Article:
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evidence is frequently compounded of both. But it would seem that it is within the range of the common observation and experience of mankind that the presence of many persons facilitates the perpetration of crimes of this particular class, and therefore the evidence was inadmissible as an invasion of the peculiar province of the jury. Then, too, the rule thus contended for would tend to make the circumstances attending the commission of like offenses serve as the standard of guilt. It is to be noted that the challenged question was not framed to draw upon the witness' expert opinion as to whether detection is less likely where many persons are present on business.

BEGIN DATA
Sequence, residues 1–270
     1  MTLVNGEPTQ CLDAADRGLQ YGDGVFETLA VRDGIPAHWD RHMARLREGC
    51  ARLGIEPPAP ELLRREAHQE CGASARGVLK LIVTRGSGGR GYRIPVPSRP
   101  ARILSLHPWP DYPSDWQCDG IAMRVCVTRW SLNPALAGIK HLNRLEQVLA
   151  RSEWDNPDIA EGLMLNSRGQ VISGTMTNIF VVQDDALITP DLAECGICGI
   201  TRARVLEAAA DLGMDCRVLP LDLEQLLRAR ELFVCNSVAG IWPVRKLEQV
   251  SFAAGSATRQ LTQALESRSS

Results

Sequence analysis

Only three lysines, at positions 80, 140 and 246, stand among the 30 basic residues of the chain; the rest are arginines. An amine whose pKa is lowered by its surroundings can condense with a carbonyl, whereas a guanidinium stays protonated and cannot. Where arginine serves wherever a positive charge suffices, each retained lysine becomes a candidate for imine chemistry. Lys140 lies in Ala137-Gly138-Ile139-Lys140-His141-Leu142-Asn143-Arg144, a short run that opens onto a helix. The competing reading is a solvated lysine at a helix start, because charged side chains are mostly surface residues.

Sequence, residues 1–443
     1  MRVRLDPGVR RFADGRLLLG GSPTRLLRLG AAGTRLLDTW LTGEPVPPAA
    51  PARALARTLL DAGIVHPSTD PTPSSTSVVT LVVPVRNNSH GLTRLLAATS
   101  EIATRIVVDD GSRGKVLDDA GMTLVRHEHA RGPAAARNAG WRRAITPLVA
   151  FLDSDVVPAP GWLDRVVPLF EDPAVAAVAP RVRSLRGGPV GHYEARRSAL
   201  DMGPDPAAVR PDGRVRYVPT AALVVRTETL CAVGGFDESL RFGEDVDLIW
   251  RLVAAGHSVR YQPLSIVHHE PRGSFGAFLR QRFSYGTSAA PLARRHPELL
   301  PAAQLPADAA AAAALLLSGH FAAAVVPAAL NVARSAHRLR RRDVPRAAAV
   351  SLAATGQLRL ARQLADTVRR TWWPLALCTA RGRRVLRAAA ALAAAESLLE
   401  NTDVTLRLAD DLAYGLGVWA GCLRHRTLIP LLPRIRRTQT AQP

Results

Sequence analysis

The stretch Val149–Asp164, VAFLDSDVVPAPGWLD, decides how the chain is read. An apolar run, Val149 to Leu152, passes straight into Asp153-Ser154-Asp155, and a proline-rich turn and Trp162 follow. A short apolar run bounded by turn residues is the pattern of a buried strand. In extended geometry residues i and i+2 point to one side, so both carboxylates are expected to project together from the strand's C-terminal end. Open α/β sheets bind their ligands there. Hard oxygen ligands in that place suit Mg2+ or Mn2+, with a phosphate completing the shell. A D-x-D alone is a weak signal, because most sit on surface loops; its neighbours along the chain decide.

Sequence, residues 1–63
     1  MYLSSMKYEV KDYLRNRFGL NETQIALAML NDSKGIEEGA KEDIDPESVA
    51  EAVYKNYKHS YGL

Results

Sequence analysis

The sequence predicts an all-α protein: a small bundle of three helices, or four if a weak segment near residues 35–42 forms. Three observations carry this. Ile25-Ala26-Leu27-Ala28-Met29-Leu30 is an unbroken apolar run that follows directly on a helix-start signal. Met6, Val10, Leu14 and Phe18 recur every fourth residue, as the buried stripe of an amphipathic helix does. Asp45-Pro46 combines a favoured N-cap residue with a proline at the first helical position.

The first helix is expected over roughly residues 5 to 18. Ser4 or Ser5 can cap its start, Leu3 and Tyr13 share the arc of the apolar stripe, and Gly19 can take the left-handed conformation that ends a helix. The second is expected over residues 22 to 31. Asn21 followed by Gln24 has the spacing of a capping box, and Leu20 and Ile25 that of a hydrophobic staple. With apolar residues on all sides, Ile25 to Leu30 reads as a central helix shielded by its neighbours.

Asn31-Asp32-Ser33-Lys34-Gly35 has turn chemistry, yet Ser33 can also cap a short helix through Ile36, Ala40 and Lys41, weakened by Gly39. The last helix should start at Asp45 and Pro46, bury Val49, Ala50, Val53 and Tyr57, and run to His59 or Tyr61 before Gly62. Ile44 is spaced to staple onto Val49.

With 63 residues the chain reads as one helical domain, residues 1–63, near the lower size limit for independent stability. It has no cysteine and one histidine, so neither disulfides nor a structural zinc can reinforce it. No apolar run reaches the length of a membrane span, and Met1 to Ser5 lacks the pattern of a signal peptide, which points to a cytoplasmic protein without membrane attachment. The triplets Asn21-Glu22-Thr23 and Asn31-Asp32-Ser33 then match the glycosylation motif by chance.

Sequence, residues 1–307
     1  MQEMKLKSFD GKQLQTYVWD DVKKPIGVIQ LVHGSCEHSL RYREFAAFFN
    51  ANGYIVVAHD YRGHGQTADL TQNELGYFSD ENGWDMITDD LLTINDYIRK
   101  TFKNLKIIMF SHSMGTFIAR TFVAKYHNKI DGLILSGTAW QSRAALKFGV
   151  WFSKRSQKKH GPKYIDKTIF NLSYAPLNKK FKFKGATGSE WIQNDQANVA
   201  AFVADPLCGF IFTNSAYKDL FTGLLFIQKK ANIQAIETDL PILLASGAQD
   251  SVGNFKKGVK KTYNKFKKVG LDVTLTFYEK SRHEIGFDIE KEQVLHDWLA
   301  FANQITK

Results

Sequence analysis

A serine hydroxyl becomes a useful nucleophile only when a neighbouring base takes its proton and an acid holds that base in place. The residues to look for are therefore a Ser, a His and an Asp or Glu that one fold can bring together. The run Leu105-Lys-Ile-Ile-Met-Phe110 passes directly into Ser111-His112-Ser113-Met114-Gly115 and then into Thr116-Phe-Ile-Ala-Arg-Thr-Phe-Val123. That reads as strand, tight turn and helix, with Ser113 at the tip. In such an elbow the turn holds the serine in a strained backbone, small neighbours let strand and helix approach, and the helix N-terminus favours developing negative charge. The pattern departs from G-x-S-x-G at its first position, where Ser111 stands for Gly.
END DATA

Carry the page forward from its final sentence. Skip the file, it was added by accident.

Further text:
But there is no occasion to pursue the inquiry. There was prejudicial error in the charge. Holt admitted on cross-examination that he had been convicted of crime. Brown denied such conviction, but later admitted that she had "received a suspended sentence for violation of the New York Code 887." She was then asked if the sentence was imposed for "permitting another to commit prostitution;" and she replied "if that is what they call it, I was." Daniels denied that she had been convicted of crime. She was shown a document not identified in the transcript, and she then said that she had been convicted of "loitering" in 1938, presumably in the State of New York, and had received "a suspended sentence." She maintained that she "did not know that that meant" she had been "convicted." She testified further: "Q. What were you convicted for? A. Just loitering. Q. You weren't convicted for prostitution? A. I don't remember. Q. You do not remember whether you were convicted or not? A. No, I don't. I never went to jail. Q. I didn't ask you that. Do you remember getting a suspended sentence in New York on January 20th, 1938, by Magistrate Smith in the Night Court? Mr. Wildman: For what? Mr. Fox: For prostitution. A.I do not remember that. Q. What is your answer? A. I do not know. Q. How old are you? A. I am twenty-three. Q. What is your answer to my question? A. I have told you, sir. Q. As to whether or not you were not convicted. I want to know whether or not you were convicted of prostitution. A. I cannot remember, sir."